There is something pleasurable in taking a bunch of disparate pieces, following instructions, and ending up with a completed product, no *thinking* or *engineering* involved. And there’s also the element of time. I picked up the hobby as it is easy to stop, walk away for a week, and resume right back where you were. Someday, hopefully, I’ll have the time to really play with my toys, but for now, it’s the act of assembly that gives me pleasure.

    1. Seems wrong to me to just assemble Lego according to the instructions, as its nearly immortal (I have bricks twice my age that still look and work just about like new, though the older CA bricks tend to be warped) take it apart, try stuff there really isn’t a downside – you can always put it back ‘in-spec’ later…

      On the whole I agree though, but for me personally I find it much more satisfying to put my own twist on whatever it is, even if I don’t then do the work myself (like this desk was made by somebody with a workspace able to build it quickly) and in the case of miniatures/modeling I’ve spent hours customising the parts, and taking the idea from x and doing it myself in a different way (Like looking at N-gauge card buildings for methods that look like they will still work for t-gauge – can work it out yourself, and in many cases I did, but reference material can be damn handy). Most Ikea furniture ends up modified in some way or other – often bought specially to modify – go looking at the bargain corner for something that can be made to fit what I need…

      1. Oh, sure, the kids bring the legos down off the shelf after a week or two. And by extension, someday maybe I’ll have more time to pull down those toys and do something interesting with them.

        But nevertheless, there is still something to be said sometimes for a hobby where you can just focus on the assembly, not the engineering (and DEFINITELY not the sourcing), and be assured of successful results. It’s nice to relax, turn off the brain, and just put something together.

  13. It’s as “click and buy” as you want it to be. Even before there were PCB fabs and online stores, you could order many kits pre-assembled rather than building them yourself.

    I “click and buy” depending on what I’m doing.

    I designed and built a single transistor microphone amplifier a while back. Since the point of it was to learn about biasing a common emitter amplifier, there wasn’t much point in buying a kit. Since it was just an experiment, I built it dead bug style.

    The reason I decided to learn about biasing a common emitter amplifier was because I had built a transistor curve tracer and wanted to try it out.

    I built the curve tracer as a sort of free form 3D sculpture on the header pins of an Arduino Nano. That project started on a Saturday evening and so had to be completed with just the parts at hand.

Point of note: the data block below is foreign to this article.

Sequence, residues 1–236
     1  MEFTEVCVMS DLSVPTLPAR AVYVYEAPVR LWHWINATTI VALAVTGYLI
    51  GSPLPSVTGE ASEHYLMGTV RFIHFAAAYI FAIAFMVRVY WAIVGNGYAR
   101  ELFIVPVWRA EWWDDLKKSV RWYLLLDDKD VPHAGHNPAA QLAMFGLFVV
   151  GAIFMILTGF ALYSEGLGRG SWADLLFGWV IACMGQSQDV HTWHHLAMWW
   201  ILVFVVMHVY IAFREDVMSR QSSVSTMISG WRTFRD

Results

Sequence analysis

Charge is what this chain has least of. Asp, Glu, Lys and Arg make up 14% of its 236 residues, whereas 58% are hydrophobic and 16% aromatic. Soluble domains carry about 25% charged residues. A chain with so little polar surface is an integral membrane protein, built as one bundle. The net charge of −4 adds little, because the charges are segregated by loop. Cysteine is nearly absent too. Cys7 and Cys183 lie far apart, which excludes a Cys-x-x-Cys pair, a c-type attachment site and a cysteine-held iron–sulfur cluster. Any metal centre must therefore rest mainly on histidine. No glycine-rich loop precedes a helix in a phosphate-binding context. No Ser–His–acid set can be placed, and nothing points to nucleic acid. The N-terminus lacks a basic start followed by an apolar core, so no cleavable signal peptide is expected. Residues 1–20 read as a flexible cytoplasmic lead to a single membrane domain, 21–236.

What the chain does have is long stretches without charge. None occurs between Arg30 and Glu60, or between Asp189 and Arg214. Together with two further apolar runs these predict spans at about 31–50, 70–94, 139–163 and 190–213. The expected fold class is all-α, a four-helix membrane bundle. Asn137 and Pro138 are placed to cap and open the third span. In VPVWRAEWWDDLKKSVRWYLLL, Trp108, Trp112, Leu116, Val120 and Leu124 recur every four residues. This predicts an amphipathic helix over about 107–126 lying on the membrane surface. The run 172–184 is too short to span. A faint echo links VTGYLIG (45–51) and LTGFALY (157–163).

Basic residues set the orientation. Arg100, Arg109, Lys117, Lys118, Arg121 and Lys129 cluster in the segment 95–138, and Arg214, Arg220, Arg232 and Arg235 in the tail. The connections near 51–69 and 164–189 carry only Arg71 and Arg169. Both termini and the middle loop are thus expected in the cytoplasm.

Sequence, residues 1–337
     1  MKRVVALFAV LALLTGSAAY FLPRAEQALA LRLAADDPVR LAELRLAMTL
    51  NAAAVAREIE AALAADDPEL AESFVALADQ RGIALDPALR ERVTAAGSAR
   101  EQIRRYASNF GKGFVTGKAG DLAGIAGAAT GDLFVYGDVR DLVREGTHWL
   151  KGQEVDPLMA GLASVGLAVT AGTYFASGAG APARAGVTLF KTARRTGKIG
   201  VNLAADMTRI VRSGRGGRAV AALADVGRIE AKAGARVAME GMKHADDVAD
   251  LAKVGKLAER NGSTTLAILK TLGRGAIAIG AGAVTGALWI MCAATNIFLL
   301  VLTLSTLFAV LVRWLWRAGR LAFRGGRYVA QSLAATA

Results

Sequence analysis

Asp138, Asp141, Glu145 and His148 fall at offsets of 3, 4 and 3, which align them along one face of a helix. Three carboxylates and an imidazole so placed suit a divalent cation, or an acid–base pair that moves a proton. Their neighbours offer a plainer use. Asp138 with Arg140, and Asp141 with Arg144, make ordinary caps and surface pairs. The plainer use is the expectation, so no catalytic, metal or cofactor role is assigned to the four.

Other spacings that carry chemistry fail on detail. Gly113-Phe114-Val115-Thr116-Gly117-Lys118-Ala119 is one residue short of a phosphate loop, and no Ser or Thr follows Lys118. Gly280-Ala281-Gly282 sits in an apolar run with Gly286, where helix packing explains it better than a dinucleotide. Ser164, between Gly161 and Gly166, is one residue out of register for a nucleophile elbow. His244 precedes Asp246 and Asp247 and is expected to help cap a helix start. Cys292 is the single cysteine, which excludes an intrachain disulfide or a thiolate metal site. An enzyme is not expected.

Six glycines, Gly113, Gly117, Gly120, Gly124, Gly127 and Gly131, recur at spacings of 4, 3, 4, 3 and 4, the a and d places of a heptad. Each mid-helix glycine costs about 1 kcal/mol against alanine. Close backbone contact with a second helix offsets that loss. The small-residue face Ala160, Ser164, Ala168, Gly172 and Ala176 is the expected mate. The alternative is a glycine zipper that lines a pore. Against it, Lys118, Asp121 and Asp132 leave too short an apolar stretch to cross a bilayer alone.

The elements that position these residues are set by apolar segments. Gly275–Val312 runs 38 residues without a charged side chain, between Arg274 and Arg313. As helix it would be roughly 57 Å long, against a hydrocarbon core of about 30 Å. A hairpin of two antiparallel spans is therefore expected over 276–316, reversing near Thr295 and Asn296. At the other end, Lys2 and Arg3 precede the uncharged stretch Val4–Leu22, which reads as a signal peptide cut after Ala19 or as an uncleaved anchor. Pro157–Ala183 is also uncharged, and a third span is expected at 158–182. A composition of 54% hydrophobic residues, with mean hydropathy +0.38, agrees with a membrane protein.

On the other hand, I built a bunch of electrostatic detectors last year. Their purpose was to look cool, so they needed professionally produced PCBs with gold plated surfaces. I designed the circuit and the PCBs, then had them made. I assembled them myself, though.

    I usually buy or repurpose power supplies. Most of my projects aren’t about building power supplies. If I should someday develop a desire to learn how to design a switching power supply then I’ll probably have a PCB made from my own design rather than buying a kit or a complete module.

    I spend money to buy things to save the one thing I can’t purchase – enthusiasm. Every minute I spend fiddling with ancilliary stuff is a minute less that I have to work on the thing that’s got me excited. My enthusiasm tends to fade so I need to make progress quickly. I buy the boring parts then design and build the interesting parts of my projects.

    “Click and buy” lets me concentrate on the things I want to learn about or do for myself. Where to stop buying and start building depends on the goal of the project.

    The building is a large part of the fun, though.

    I enjoy soldering things together too much to let some anonymous fab house worker have all the fun.

  14. I think I’m a lot closer to the traditional concept of DIY than I am to click-and-buy. I still prefer LC oscillators to Si5351/Arduino combos. I prefer traditional filter rigs to SDR rigs. And I prefer to make my own crystal filters. I don’t like to use ICs unless I really understand what is going on inside them (so I can be comfortable with an NE602 or an LM386, but I’m not comfortable with a CPU chip that may have millions of transistors in it). But I am not homebrewing my own transistors nor am I mining copper. To each his own. For most of us this is a hobby.

  15. The way I see it.
    It’s still DIY. Nothing different then buying car parts to build a car or going to a lumber yard to buy lumber to build a shed. It falls under the same means of cooking a boxed dinner then cooking from scratch.